I’ve been drawn into three different conversations in as many days about the ‘end of storytelling’ for business. The arguments made were that all storytellers are ‘liars’, that storytelling is a polished decoy, that it has been ‘ruined’ for business by ‘unconventional’ politicians who don’t even try to conceal the political agenda behind their ‘fake’ stories.
I agreed with every argument – to a point. Here’s why.
I’ve had my own ‘dark night of the soul’ since leaving academia to work as a storytelling consultant for business. I’d spent my final years in academia researching the relationship between storytelling and trauma and knew I’d have to ‘shift gear’ for the business world.
Nothing could have prepared me for the way the market had emptied storytelling of its primary purpose in service to profit. Instead of creating meaning in a world gone awry & helping us understand each other better, story was used as emotional bait, a sophisticated selling tactic, peddled by endless books, articles & cheat-sheets that told us ‘Story Sells’, ‘Tell to Sell’, etc.
Story had become the Trojan Horse of marketing.
Just like in the original Greek myth, story is used as a ploy to win a war, in our case, to breach our defences against the onslaught of selling. Story is the poisonous apple that lured Snow White with its shiny red skin to dismiss the danger. Story is the puppet cleverly manipulated by the invisible hands of the puppeteer.
So, why do I do what I do?
The uncertainty and trauma caused by COVID-19 has given us the perfect opportunity to restart, realign & reimagine. We’re witnessing first hand how human relationship is an invaluable tool to create a different model of ‘normal’.
If story has become a ruse, then simple, honest storytelling has a huge role to play in helping us build our business around trust, credibility & community as we search for a sustainable way out of the current crisis.
My on-going mission to revive authentic storytelling as an integral part of meaningful, honest business communication is gaining in relevance. To help you become part of this revival, I’ve distilled what I’ve learned about authentic storytelling skills into a short, intensive online workshop which I’m offering at a very affordable price.
Check out the events page on my website for more information!Learn More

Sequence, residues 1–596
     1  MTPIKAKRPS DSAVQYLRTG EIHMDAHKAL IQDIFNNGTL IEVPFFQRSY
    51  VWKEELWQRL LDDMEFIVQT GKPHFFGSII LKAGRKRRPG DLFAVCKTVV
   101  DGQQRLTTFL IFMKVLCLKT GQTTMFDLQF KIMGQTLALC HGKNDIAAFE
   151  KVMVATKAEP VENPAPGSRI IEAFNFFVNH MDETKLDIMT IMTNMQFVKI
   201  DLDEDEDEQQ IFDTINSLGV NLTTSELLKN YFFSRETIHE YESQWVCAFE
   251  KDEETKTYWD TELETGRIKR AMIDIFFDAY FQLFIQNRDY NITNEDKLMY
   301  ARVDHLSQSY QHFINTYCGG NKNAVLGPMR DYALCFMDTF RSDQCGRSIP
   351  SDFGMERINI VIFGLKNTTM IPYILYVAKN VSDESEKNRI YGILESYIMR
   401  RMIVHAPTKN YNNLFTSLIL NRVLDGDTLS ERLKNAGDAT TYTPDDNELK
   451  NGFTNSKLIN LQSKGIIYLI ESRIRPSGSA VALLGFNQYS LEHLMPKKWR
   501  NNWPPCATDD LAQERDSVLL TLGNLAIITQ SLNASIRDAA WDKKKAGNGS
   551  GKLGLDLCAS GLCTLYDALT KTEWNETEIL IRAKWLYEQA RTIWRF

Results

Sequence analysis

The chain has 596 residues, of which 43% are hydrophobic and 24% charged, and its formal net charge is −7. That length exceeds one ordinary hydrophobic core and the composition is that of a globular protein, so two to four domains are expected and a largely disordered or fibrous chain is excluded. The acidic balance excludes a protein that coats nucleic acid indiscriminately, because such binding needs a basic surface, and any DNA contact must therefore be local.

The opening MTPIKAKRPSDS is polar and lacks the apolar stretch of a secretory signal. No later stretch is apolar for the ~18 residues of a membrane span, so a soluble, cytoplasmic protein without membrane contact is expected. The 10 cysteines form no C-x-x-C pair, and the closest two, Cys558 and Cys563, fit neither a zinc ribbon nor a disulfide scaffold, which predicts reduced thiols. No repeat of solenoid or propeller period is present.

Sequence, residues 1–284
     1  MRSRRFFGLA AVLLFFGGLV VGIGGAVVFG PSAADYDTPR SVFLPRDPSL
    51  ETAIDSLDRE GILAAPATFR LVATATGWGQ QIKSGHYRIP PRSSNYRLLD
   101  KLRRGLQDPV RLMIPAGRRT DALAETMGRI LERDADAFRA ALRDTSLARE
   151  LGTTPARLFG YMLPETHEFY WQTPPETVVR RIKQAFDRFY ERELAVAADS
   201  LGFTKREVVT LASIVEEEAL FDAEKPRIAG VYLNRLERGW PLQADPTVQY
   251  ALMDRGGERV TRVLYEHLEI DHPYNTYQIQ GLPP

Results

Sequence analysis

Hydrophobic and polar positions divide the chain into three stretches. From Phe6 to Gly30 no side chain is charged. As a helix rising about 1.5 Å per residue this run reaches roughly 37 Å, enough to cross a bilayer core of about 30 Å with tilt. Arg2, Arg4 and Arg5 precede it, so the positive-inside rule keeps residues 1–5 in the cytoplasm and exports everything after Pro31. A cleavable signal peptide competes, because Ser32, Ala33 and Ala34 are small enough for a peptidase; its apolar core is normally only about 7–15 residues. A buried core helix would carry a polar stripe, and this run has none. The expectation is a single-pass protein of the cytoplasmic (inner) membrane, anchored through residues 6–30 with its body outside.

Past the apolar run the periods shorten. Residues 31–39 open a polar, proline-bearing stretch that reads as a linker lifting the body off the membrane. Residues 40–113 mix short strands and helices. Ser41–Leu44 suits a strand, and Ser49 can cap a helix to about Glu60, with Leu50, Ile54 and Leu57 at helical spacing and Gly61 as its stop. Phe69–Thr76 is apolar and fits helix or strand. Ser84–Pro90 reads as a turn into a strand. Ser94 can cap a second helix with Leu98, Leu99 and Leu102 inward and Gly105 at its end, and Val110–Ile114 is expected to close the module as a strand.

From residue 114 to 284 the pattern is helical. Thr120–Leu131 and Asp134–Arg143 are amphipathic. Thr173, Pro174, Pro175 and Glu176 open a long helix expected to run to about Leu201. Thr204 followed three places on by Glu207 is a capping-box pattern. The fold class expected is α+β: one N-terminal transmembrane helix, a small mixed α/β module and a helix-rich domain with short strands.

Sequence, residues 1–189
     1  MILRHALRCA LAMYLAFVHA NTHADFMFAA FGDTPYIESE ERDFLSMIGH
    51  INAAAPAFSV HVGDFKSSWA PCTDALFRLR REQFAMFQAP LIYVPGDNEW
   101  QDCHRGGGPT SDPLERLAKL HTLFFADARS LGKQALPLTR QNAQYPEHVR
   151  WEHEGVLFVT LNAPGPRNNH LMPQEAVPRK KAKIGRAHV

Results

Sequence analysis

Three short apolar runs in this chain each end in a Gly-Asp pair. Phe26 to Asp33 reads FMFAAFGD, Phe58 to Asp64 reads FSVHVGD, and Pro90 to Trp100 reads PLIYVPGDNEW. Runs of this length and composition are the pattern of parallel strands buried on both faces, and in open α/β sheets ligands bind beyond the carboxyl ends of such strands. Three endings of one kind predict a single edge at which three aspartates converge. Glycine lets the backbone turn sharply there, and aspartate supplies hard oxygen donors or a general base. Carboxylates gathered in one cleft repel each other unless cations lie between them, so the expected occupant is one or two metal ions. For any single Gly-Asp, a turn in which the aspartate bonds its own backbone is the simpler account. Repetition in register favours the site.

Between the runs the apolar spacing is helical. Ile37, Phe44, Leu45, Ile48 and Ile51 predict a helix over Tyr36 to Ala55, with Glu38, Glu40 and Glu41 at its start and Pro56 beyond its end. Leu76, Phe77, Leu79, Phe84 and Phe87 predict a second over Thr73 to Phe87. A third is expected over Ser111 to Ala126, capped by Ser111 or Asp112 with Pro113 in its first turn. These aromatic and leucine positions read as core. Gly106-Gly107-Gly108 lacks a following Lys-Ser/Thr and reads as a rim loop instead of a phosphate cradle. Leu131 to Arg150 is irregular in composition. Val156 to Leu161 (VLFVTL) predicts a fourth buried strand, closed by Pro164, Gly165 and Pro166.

In a recent post I asked what kind of heroes were appropriate for the new normal unfolding in the world. It’s clear they will be vastly different from the old ones. And the same goes for our stories!
The coronavirus is not the first pandemic in history – and it won’t be our last! We have a rich library about life during and after plagues, spanning over the last thousand years, whether it’s about the Plague of Justinian in the 6th century, the Black Death in the 14th or the Great Plague of London in the 17th century (to name just three).
There are two things we can learn about storytelling from that history
- During a pandemic we tell stories to entertain, distract and fact-check. These popular narratives include: conspiracy theories, bawdy tales, what-if setups, high drama scenarios & futuristic escape. Does this sound familiar?
- Once the pandemic dust finally settles, there is no going back to pre-pandemic ‘normal’. Our existing stories, the ones that made sense of our old normal, are irretrievably broken. A corner stone of modern physics was developed by Sir Isaac Newton – theory of gravity – while cocooning at home in 1665 from the Great Plague of London.
The biggest challenge we face is this: our story has no closure. We see the challenges, but no resolutions.
History tells us we’ve been here many times before and we have two choices:
- We try to retell the old narratives to cover the gaping cracks created by the crisis. But these fragments quickly collapse into the cavernous holes left in its wake.
- Or we stare into the uncertainty and the unknown and after a time realise we are different now – wiser, more compassionate & more resilient. We begin to tell stories about the experiences and the insights that got to this point and how these can help us set our compass for a way out.
We tell about the lack of solid ground, the absence of a pathway ahead, the challenges of sitting with uncertainty, the faint outline of new possibilities emerging, the flicker of hope in the darkness.